Guònián hǎo or pass the New Year well as they say in China. Today is the passing of the Chinese New Year, so I thought I would pay a tribute to their celebrations.
It’s the year of the Dog, so David DePasquale’s picture of Tiangou is a perfect representation for this post. The legend of the Tiangou are giant black dogs that eat the sun and moon during eclipses. To retrieve the the sun and the moon, you must beat the dogs to ward them off, and they will then spit out the heavenly bodies.
This legend has a strange tale behind it (as most Chinese ones do). Hou Yi was an archer, sometimes deemed as a God who was sent down to help mortals. In Chinese lore, at the start there were 10 suns. Hou Yi saw that the suns were scorching the land making it difficult for things to grow, so he shot down 9 of the suns, leaving 1 so that the world would still have some light and warmth. As a reward for this great deed, Wangu Niang Niang (Queen Mother of the West) gave him a pill that would make him immortal. Hou Yi’s wife, Chang Er, decided that she wanted to take the pill, thinking it would make her youthful for all time. What the pill actually did was make her float up in to the sky. Seeing this Hou Yi’s dog, licked up the remains of the pill and chased after Chang Er. As he ran into the sky he got bigger and bigger, this scared Chang Er, and she hid behind the moon. The dog swallowed the moon and Chang Er. On hearing of this Wangmu captured the dog, she was surprised that it was Hou Yi’s dog and she charged the dog with guarding the gates of heaven. The dog spat out the moon and Chang Er, and they were both placed back in the sky.
In the picture above you can see the dog eating the sun, with no one around to fend it off. It’s a rather beautiful picture, hommaging the woodblock prints of old, but created as a digital art work.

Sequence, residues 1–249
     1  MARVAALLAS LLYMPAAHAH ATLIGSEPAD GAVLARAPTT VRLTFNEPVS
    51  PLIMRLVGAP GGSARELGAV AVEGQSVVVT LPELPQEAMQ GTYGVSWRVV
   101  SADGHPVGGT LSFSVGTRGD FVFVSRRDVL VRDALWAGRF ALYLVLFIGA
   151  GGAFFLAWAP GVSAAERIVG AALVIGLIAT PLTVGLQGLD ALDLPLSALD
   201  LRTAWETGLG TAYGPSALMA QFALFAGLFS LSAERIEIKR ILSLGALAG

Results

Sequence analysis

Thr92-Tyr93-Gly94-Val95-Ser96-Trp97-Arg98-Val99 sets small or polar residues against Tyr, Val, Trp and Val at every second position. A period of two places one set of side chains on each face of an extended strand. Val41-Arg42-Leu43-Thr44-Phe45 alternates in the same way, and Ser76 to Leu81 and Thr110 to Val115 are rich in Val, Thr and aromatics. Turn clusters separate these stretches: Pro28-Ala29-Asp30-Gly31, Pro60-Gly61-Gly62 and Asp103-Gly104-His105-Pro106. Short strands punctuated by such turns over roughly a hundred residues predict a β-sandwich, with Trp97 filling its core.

If you aren’t aware, the chinese zodiac is based on a 12 year cycle, unlike the western 12 month cycle. Each year has an animal associated to it, but these can also be split down in to months, days and hours in a complicated way of dealing with horoscopes which quite honestly is too much for me to comprehend, therefore I will just concentrate on the years and how the animals got assigned.
The Jade Emperor called a meeting with 13 animals, the meeting would also be the end of a race and the order that they arrived would be the ordering in which they were assigned to the 12 year cycle. This was to give the people a measure of time and to make it fair so that the animals didn’t argue about who should be first.
The rat and the cat were very poor swimmers, and the race called for the animals to cross a river which had strong undercurrents. Both realised that they could not swim across the river, so they decided to get the ox to help them cross. The ox kindly agreed to assist them, but the rat was greedy and half way across the river, he pushed the cat off of the ox’s back. The cat never made the finish line. As the ox got to the bank of the river, the rat ran ahead, making him the winner and the first animal in the list. The ox followed closely behind. The tiger came in third.
The dragon, who everyone thought would win because he could fly, came in fifth, explaining to the Jade Emperor, that he stopped at a village to bring them rain, and then he saw a poor rabbit in the river clinging to a log so he gave him a little help to get to shore, which is why he was delayed. The Emperor was touched by the dragons generocity.
The rabbit came in fourth, thanks to the help of the dragon. He had been doing well, using stones to jump across the river, until he slipped. Luckily there was a log passing by, which he clung on to, which is where the dragon found him.